- Associated Press - Tuesday, December 1, 2015

Milwaukee Journal Sentinel, Nov. 27

President Barack Obama’s assault on open government

The Obama administration is obsessed with secrecy - it is arguably the most secretive presidency since Richard Nixon scowled through the halls of power. The latest example: a furious crackdown on government watchdogs, the inspectors general at agencies whose job it is to keep the government honest.

It has been a stunning turnabout for Barack Obama who promised during his first inaugural address that “Transparency and the rule of law will be the touchstones of this presidency.”

It has been anything but.

As The New York Times reported Friday, at least 20 investigations across the government have been “slowed, stymied or sometimes closed” because of disputes between the administration and its own watchdogs over how much access to give inspectors.

The signature example among many cited: an investigation last year by Justice Department inspectors into the role of federal drug agents in the killings of unarmed civilians during raids in Honduras.

The Honduran government cleared the U.S. agents of any wrongdoing but an American inspector investigating the case was denied emails on the attacks. It took 11 months to get the records.

In another case cited by the Times, investigators tried to look into allegations of sexual assault on Peace Corps volunteers overseas. A volunteer was murdered in Benin in 2009 and dozens of volunteers have reported that the Peace Corps handled their cases poorly. The inspector general for the agency reported that lawyers for the Peace Corps refused to turn over documents or only offered heavily censored documents - a common tactic by government agencies that may have something to hide.

At the Commerce Department, the inspector general closed an internal audit of how trade agreements are enforced after department lawyers refused to turn over records they claimed were proprietary.

Republicans and Democrats alike have complained about the administration’s record, and so has the press. Journalism organizations including the Society of Professional Journalists for months pushed for greater openness on behalf of the public. In a letter sent to Obama in August, the groups wrote: “The public has a right to be alarmed by these constraints - essentially forms of censorship - that have surged at all levels of government in the past few decades.” Those groups will meet with White House Press Secretary Josh Earnest on Dec. 15.

When such constraints are imposed, government operates in the dark with little accountability. Whatever you think of the way Obama has handled his job as president, this is unacceptable and dangerous. The administration’s actions have created, as Bill Lueders, the president of the Wisconsin Freedom of Information Council, put it, “a culture of contempt for the public’s right to know.”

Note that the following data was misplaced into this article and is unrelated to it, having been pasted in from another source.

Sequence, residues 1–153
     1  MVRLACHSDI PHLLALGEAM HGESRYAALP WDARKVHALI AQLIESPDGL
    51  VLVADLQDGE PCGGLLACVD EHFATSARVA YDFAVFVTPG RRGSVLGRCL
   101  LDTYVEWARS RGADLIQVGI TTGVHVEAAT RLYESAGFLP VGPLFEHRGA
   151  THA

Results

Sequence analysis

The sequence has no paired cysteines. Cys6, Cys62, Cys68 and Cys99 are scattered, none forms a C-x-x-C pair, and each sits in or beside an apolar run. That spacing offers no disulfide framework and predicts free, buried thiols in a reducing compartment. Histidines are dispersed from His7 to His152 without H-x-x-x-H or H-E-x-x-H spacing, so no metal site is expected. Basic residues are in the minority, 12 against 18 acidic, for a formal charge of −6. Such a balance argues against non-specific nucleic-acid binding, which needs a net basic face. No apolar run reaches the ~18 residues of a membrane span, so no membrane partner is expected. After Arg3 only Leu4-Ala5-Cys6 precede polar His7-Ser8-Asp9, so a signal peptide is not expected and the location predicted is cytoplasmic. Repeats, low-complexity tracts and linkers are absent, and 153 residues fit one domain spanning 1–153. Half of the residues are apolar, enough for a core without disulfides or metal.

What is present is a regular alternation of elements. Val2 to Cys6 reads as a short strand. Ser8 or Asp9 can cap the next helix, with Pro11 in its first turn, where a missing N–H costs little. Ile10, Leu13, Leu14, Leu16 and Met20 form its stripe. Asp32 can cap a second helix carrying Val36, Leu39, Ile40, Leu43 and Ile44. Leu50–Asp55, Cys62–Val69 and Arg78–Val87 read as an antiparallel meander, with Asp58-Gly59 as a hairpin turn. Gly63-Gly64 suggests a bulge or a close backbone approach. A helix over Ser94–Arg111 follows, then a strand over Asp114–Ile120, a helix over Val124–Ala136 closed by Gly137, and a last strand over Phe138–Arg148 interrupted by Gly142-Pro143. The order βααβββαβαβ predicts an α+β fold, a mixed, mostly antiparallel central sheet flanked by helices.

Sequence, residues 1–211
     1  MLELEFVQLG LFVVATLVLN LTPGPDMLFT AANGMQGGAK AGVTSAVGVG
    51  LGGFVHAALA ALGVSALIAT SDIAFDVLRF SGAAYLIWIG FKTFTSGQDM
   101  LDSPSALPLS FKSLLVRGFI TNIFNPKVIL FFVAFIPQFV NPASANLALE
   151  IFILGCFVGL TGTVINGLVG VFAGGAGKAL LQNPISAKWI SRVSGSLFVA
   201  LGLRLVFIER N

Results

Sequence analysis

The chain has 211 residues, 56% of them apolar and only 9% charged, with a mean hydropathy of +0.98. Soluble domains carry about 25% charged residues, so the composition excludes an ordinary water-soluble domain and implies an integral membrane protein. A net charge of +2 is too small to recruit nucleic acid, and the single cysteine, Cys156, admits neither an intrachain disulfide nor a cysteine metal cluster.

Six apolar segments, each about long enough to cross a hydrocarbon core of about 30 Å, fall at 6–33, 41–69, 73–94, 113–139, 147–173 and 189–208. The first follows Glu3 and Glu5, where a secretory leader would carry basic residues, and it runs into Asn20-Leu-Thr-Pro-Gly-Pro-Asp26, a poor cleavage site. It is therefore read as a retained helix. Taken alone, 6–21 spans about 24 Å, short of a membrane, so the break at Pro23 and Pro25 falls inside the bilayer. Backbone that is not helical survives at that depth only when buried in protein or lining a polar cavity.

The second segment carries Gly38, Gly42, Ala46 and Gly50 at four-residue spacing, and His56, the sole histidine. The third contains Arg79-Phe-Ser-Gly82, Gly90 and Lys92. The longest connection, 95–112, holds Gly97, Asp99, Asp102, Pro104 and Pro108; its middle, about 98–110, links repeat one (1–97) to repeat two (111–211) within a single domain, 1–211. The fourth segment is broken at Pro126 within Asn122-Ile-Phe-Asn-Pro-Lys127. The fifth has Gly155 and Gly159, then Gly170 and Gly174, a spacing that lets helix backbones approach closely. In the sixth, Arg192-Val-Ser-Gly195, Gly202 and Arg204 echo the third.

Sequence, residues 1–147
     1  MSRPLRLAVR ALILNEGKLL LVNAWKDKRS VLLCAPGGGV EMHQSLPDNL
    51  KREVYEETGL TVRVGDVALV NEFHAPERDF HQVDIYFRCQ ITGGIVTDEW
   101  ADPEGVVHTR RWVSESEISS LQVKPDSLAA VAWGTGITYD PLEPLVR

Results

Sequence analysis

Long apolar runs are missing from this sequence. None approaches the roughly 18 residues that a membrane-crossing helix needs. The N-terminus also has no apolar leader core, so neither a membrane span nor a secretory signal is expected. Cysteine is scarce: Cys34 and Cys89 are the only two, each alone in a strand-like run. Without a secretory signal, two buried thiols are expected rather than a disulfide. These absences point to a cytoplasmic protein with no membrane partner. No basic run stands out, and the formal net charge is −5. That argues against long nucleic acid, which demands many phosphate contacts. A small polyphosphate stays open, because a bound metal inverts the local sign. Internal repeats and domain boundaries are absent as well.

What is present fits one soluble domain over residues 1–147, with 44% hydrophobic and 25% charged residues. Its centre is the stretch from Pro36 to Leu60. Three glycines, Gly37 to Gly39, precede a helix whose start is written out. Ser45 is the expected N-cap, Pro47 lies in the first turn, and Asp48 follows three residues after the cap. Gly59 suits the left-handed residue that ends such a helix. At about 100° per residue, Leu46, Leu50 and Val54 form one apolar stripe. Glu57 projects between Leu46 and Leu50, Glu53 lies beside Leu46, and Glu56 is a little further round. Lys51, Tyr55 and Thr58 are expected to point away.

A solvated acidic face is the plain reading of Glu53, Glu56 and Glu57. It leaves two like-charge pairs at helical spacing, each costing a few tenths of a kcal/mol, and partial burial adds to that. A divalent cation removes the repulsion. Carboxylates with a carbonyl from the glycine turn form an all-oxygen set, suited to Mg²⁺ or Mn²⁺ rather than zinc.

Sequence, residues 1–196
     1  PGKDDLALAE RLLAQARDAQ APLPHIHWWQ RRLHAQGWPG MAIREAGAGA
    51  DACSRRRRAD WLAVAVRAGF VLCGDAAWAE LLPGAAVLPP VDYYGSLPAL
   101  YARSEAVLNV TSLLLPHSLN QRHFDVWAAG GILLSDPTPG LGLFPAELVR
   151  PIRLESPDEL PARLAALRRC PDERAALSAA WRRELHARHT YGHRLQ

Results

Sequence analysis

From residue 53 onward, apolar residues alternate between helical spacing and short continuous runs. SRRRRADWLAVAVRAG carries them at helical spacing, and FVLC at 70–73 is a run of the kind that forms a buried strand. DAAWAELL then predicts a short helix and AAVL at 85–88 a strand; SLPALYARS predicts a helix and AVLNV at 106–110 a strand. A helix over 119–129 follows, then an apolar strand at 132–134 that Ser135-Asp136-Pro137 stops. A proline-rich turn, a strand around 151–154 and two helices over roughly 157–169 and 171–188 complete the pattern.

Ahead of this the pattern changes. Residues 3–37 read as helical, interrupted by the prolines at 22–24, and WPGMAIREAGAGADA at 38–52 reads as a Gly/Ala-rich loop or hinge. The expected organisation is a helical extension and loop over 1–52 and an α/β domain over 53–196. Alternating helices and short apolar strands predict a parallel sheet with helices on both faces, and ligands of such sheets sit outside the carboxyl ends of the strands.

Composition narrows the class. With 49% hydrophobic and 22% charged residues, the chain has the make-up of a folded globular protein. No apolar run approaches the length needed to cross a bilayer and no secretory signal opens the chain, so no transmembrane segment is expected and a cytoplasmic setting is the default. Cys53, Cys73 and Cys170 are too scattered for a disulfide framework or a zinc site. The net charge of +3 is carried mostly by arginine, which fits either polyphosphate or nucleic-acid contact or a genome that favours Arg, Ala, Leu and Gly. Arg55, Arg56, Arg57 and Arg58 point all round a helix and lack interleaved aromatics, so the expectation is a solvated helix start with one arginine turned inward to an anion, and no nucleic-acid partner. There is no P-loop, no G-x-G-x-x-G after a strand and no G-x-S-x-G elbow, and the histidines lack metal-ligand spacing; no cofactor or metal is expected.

Just as we called on our readers to raise their voices against the pernicious assault on open government by the Wisconsin Legislature in July, all citizens should demand that Obama’s administration live up to its leader’s pledge made on that cold day in January 2009.


Wisconsin State Journal, Nov. 28

Rein in farm bill spending

The 2014 farm bill is failing to produce the cost savings promised taxpayers. That’s why Congress should fix the holes in the bill that have let $5.2 billion more than expected flow out in one fiscal year.

A proposal sponsored by two Wisconsin congressmen offers a good starting point.

Democrat Ron Kind of La Crosse and Republican Jim Sensenbrenner of Menomonee Falls introduced the plan, which would rein in subsidies received by farmers and insurance companies from the farm bill’s $9-billion-a-year crop insurance program. Some of the proposed spending cuts, totaling $24 billion over 10 years, may be an overreaction to unusual circumstances.

But the proposal - the Assisting Family Farmers through Insurance Reform Measures Act - should prompt Congress to attack runaway spending in agriculture programs.

The stakes for Wisconsin are high. Agriculture contributes about $60 billion a year to the state’s economy. The state is home to more dairy farms than any other state, produces more cheese than any other state and is among the top 10 corn-producing states.